U.S. physicians are having more trouble finding effective first-line antibiotics for common urinary tract infections as antimicrobial resistance rises, a new study suggests.
Investigators calculated the overall prevalence of antimicrobial-resistant Escherichia coli in urine samples from adult and adolescent women between 2011 and 2019. They found that more than a quarter of the E coli from these samples were resistant to trimethoprim-sulfamethoxazole, 21% did not respond well to fluoroquinolones, and 4% did not respond to nitrofurantoin, all antibiotics of choice.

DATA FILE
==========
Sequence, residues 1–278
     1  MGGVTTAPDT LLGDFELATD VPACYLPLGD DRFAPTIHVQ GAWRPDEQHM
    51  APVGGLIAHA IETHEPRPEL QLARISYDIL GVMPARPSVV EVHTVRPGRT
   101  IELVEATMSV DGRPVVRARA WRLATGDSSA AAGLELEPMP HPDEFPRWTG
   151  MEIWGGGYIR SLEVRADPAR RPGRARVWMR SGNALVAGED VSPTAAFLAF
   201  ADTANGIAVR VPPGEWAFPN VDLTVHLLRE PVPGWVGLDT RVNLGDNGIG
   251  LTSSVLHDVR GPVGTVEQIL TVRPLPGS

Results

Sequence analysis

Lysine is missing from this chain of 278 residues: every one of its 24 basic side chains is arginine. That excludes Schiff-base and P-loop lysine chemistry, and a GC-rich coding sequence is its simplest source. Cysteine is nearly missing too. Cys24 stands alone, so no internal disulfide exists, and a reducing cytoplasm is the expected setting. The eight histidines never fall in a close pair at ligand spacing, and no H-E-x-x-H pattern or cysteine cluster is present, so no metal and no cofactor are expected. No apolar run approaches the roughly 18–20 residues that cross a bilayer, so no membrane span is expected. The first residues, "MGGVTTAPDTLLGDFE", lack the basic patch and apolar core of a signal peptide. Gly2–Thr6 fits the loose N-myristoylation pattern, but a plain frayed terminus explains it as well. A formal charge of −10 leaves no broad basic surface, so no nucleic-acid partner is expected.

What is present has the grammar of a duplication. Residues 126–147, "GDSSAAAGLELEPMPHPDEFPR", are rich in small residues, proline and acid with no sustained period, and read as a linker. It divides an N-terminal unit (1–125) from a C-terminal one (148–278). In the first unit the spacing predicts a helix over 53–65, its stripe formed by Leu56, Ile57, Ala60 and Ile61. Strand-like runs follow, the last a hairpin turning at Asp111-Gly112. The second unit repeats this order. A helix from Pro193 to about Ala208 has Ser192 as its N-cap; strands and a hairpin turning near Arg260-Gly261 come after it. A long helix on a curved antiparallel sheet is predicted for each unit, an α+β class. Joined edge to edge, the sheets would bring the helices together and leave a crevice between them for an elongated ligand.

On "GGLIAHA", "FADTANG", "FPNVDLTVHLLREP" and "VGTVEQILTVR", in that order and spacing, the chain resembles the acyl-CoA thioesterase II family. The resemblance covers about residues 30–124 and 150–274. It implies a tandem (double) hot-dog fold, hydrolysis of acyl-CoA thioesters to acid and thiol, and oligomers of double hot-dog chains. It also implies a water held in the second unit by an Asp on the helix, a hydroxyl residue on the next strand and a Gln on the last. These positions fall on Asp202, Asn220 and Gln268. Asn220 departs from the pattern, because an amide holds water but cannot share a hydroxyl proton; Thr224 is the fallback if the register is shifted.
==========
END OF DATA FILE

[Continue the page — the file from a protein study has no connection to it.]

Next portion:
Fully 6.4% of the tested E coli isolates had evidence of antibiotic-resistant enzymes, 14% were resistant to two or more antibiotics, and 4% were resistant to three or more, reported Keith S. Kaye, M.D., MPH, director of the University of Michigan Medical School’s Division of Infectious Diseases in Ann Arbor, MI.
The prevalence of multi-drug resistance not only increased during the study period but was found to vary widely by U.S. census region — information clinicians could use to help make UTI treatment decisions, Kaye and colleagues wrote.
“Knowledge of regional antimicrobial resistance rates helps inform empiric treatment of community-onset uncomplicated UTI and highlights the antimicrobial resistance burden to physicians,” they concluded.
In nursing homes, up to a third of urinary tract infections may be antibiotic resistant, according to another recent investigation.
The current study was published in the journal Clinical Infectious Diseases.